Joseph's Bones

Joseph’s Bones

David Kirk

“Joseph… gave commandment concerning his bones” (Heb. 11:22). Does it not seem strange that the Holy Scriptures should contain such an odd, and almost morbid statement?

It will be my purpose in this treatise to trace a number of parallels between Joseph’s last request and the last request of the Saviour. Before doing so, however, I would like to look at Joseph himself, who is perhaps one of the best types we have of the Lord Jesus.

Joseph’s mother was Rachel, the greatly beloved wife of Jacob, his father. Her elder sister Leah was also Jacob’s wife, but, whereas, Rachel was Jacob’s wife by choice Leah was his wife by circumstances, and that in trickery (Gen. 29:16-28).

To counterbalance the unfortunate situation in Jacob’s domestic circle God made Leah a fruitful wife, while poor Rachel remained barren. Eventually, God heard the cry of her anguished heart, filled with longing, and she became the jubilant mother of a son. It was Rachel’s hour of triumph and of faith. Looking upon her offspring she announced his name would be Joseph, explaining, “The Lord shall add to me another son” (Gen. 30:24).

Joseph’s Name meaning “adding” was well and truly given; for his life was a fruitful one.

Joseph’s second name is also of deep spiritual significance, illuminated for us by the circumstances in which it was given to him.

He was called into the presence of Pharaoh at the suggestion of the butler, whom Joseph had befriended while in prison, to interpret for the ruler a disturbing dream. God gave Joseph the interpretation. He explained to Pharaoh that the seven lean-fleshed cows, he had seen in the dream devouring the seven fat-fleshed, followed by seven fat ears of corn being devoured by seven thin ears, betokened a seven years’ famine in the land to follow a seven years’ plenty.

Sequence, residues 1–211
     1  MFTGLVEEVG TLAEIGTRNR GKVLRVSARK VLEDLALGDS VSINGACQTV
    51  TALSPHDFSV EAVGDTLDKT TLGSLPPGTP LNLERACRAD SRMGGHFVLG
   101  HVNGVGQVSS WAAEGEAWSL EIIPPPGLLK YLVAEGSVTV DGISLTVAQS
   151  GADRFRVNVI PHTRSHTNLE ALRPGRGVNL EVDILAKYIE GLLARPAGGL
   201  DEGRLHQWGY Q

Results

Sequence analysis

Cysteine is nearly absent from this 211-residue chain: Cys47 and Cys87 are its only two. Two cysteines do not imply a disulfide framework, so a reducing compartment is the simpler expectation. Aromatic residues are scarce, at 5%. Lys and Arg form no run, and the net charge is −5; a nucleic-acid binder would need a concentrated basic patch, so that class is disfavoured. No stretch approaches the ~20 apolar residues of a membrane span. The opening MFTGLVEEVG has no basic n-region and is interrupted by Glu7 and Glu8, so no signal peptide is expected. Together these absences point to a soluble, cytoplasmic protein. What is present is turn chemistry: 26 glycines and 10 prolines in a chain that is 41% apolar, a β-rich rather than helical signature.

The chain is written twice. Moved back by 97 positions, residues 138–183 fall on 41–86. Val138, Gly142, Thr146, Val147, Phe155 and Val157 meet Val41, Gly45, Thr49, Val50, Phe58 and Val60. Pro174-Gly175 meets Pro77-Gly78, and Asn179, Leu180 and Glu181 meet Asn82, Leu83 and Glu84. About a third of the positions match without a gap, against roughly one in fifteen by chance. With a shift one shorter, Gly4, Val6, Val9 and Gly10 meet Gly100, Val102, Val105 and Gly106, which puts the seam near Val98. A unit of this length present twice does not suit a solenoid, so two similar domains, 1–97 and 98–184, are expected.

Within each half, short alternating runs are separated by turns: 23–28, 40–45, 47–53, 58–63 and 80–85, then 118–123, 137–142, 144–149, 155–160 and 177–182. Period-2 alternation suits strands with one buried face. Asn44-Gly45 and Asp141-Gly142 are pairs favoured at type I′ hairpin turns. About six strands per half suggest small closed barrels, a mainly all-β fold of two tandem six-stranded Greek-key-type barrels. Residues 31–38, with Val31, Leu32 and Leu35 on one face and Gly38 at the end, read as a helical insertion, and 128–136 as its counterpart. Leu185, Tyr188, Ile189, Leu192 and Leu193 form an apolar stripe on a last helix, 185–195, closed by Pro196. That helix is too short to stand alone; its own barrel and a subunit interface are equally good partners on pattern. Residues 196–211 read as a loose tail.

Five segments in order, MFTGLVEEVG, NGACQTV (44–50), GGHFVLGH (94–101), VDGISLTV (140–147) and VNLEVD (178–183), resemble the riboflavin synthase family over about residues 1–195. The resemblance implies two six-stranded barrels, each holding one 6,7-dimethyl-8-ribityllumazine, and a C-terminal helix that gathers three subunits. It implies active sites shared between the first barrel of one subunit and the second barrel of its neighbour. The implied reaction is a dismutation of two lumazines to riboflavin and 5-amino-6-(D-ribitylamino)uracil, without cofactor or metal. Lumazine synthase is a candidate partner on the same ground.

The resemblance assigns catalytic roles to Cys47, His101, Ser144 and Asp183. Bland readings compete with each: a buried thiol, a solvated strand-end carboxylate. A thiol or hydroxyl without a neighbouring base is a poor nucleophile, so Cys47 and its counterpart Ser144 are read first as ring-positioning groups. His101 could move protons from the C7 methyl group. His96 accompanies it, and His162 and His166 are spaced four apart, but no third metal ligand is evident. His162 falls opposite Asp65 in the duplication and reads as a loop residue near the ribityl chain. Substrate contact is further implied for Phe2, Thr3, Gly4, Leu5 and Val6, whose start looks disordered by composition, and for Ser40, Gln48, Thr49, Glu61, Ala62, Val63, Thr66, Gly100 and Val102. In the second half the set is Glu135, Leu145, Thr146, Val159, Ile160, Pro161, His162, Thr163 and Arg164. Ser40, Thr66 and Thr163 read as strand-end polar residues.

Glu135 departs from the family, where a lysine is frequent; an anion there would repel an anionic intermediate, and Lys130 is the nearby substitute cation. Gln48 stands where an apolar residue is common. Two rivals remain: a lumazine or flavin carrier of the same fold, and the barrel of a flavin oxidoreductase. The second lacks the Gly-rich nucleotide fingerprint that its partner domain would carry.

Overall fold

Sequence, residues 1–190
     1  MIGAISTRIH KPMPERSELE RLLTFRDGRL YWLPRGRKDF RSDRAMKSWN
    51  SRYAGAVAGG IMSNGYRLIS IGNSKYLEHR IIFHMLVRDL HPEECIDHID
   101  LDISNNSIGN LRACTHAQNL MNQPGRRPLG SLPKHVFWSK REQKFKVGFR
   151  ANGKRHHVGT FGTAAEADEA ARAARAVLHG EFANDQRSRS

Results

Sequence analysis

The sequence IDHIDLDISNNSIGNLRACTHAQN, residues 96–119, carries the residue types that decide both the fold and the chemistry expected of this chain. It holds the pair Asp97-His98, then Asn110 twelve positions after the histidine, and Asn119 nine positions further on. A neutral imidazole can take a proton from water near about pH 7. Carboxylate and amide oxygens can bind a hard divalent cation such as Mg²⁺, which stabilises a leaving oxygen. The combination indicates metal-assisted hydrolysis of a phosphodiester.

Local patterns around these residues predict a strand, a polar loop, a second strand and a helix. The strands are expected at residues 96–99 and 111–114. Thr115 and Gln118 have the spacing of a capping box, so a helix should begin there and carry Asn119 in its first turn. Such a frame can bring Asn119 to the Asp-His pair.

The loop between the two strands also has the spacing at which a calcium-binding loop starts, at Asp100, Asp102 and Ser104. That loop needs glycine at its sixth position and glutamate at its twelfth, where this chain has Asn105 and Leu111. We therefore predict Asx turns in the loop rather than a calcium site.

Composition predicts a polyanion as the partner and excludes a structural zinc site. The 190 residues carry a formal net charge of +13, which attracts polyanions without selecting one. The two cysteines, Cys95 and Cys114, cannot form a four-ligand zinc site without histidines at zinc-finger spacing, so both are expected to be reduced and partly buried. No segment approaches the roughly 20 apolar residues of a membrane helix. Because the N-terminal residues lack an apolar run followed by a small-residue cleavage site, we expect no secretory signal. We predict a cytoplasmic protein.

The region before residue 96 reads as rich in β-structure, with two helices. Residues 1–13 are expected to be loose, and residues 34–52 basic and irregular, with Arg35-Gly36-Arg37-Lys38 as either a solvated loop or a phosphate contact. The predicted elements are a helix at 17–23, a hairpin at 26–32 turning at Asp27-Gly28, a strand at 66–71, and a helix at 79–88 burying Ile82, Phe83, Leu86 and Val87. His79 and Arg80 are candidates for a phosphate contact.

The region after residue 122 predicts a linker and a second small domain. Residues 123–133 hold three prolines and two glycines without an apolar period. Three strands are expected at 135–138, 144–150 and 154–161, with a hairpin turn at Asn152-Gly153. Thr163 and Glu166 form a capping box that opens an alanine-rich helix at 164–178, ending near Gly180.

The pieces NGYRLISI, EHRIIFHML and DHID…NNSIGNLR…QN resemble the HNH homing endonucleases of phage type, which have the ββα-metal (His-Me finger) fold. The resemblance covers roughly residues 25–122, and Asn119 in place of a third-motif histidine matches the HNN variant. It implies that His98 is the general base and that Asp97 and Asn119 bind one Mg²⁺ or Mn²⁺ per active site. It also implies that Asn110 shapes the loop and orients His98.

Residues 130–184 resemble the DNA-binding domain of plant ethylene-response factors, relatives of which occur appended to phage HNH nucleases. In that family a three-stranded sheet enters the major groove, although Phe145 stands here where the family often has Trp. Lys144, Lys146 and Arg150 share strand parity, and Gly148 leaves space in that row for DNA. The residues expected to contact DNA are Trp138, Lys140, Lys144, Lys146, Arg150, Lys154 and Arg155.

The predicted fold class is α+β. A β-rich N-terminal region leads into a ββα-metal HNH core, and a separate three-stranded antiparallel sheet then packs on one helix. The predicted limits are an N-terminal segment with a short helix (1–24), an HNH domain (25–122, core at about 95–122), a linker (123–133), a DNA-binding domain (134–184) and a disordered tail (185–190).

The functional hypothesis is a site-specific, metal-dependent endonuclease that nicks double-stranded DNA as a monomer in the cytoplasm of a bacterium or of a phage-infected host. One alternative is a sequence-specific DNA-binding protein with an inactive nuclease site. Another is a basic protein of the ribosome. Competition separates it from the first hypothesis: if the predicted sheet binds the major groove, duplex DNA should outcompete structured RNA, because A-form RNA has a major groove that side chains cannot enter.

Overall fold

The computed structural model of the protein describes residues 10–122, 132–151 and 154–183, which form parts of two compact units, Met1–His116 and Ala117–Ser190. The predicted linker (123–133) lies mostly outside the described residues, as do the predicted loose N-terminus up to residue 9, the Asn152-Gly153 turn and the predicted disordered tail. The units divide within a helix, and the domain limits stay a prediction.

Joseph gave Pharaoh simple advice: “Look out a man, discreet and wise, and set him over the land… gather all the food of those good years… and lay up corn… and that food shall be for store ... against the seven years of famine” (Gen. 41: 33-36). Pharoh believed Joseph; acted on his advice, and appointed him to rule, putting him next on the throne to himself.

Pharoh called him by a new name, Zaphnath-Paaneah. One margin renders this, “Saviour of the world,” which seems most fitting in the circumstances. Subsequent history proved Joseph was a veritable Saviour.

Joseph was the only man in Scripture beside the Lord Jesus to bear that title. When the men of Samaria found the Christ they exclaimed to the woman who brought the news of Him, “We know that this is indeed the Christ, the Saviour of the world” (John 4:42).

His Death

A coffin! Bones! Death!

“For as often as ye eat this bread, and drink this cup ye do show the Lord’s death till He come” ( 1 Cor. 11:26).

In each case we are reminded of the solemn fact of death.

Let us examine the symbols employed in the remembrance of the Lord’s death, recalling the Divine institution.

The night of the Saviour’s betrayal was the night in which the Jewish Passover was observed. On the table there was unleavened bread, immemorial since the memorable night of the Exodus, when the nation left the land of Egypt after celebrating their first Passover. Years later wine reached the table. Using these symbols on this particular night the Lord related them to His death.

As He broke the bread He calmly said, in an atmosphere of tension, “Take, eat, this is My body which is broken for you.” Following this He took the wine (called the cup) ; giving it to His own He explained: “This cup is the New Testament in My blood” (1 Cor. 11:24-25). Luke added, “Which is shed for you” (Luke 22:20).

The symbols stand apart, and thus in a simple, striking way bear home to us the solemn fact of death. Let the blood course uninterruptedly through the veins and arteries; that is life. Shed it; that is death.

His Request

Still another parallel may be noticed, in that both the request of the Lord Jesus and the request of Joseph were a last request.

The Spirit of God points this out in Hebrews 11:22, “By faith Joseph, when he died, made mention of the departing of the children of Israel; and gave commandment concerning his bones.” As he approached his end he calmly announced to his brethren, “I die.”